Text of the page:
CARDINAL RATZINGER HAS POINTED OUT that nobody can fully “understand” the liturgy. Could there be a correlation between people who always insist they “know better” and the disobedience rampant in our Church? Could it be a type of arrogance that begets arrogance? Moreover, we’ve seen the results of Scripture scholars who wrongly believe it’s possible to fully understand every word of the Bible. When they come across a difficult section, they apply their own meaning (a serious violation). To such people, uttering the words “we don’t know” is unthinkable. We’ve also seen the results of 1970s English translations by ICEL, which were praised by “progressive” leaders like Bishop Trautman and Fr. Diekmann. When others tried to make improvements, Diekmann claims he got so angry he began to “froth at the mouth.”

But look at these 1970s translations; are they really so brilliant? So fabulous?

    * *  PDF Download • First Example

    * *  PDF Download • Second Example

Speaking of Fr. Godfrey Diekmann, 4 we’ve seen the results of predictions by men like him. He said that unless Latin was eliminated from the Divine Office, monastic life would be “doomed to extinction,” asking:

What young candidate for the priesthood would ever consider the monastic life if there is even the possibility of having to spend three hours a day praying or singing the Office in Latin?

Anyone who looks at chart showing the number of monks in 1950 versus today—when our population has grown so much—will observe the sad (undeniable) truth. The bottom line was that Diekmann wanted to eliminate Latin. The notion that some priests did not understand Latin as well as he thought they should was merely an excuse. He tried to push his ideas in Rome during the 1960s, but several Roman clerics pushed back:

They were always friendly. I must say that about the Roman policy. But they would ask questions: “Is that so?”; “Well, if they don’t know Latin, why don’t they study Latin?”

These sensible Roman clerics realized the problem itself must be addressed. Suppose you have a mosquito bite on your leg that’s annoying you; do you amputate your leg? That would certainly eliminate the mosquito bite; but wouldn’t it make more sense to simply address the problem?

Where there’s a will, there’s a way.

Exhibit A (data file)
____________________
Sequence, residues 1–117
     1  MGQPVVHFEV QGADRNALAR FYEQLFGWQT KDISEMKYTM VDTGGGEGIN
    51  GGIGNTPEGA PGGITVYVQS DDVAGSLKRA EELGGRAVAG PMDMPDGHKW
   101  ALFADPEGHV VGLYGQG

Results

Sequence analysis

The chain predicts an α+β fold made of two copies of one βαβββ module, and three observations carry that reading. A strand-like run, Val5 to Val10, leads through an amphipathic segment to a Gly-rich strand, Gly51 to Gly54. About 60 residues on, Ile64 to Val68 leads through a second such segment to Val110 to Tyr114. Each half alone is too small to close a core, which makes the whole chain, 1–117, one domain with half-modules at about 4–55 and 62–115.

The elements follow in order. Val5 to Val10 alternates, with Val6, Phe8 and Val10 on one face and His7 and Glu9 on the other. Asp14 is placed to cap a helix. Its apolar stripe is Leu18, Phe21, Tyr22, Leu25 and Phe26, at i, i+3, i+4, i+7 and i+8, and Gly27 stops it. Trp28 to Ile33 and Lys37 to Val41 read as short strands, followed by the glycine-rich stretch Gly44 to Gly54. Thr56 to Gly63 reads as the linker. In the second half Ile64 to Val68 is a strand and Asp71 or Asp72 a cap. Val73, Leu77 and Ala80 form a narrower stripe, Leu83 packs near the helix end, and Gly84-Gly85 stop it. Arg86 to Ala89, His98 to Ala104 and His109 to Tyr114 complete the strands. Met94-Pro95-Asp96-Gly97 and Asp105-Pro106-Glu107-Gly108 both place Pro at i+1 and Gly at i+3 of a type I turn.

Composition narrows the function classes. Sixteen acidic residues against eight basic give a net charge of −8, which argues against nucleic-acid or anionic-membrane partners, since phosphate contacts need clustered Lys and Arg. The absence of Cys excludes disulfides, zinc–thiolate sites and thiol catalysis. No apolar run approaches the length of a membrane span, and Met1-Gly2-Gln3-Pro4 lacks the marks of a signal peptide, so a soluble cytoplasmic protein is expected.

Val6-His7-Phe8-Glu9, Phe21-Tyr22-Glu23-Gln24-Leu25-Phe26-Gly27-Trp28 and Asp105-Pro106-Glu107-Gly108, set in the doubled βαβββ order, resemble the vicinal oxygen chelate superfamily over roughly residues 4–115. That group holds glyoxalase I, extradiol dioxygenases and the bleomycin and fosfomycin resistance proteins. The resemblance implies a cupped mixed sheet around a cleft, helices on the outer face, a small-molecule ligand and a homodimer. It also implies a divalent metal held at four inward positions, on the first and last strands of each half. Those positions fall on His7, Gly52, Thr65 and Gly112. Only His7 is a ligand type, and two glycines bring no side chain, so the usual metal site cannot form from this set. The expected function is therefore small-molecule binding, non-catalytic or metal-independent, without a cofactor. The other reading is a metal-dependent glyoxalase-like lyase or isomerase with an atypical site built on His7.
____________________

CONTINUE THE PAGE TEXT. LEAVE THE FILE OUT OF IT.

1   That sentence is important, but the following section should also be taken into consideration:

29. They are especially worthy of praise who use a small missal suitable to their understanding and pray along with the priest in the very words of the Church. But, since not all are equally capable of understanding properly the rites and formulas, and since spiritual needs are not the same—and are not always the same for any individual—there are more easy and suitable ways of participating for some.
2   These stories must be from before 2007; thanks to Summorum Pontificum, priests no longer need permission to offer the Extraordinary Form.

3   For example, you don’t need to be fluent in spoken Latin to understand what “Agnus Dei” means, just as you don’t need to be fluent in spoken Hebrew to understand what “Alleluia” means. Similarly, having played Spanish Masses each Sunday for seven years, my Ecclesiastical Spanish became halfway decent—but you do not want to hear me try and order something from a menu in Spanish.

4   Fr. Godfrey Diekmann was a leading “progressive” liturgist, who favored women’s ordination and other innovations. Diekmann’s monastery published a book recounting what he did behind the scenes at Vatican II, and it’s enough to make those who care about the Catholic liturgy weep. On page 288 of this book, Fr. Godfrey Diekmann proudly admits to giving Holy Communion to people who were not Catholic—and who had made this clear to him in advance. I’m not a theologian, but I’m told that’s a huge “No-No” as far as the Church is concerned.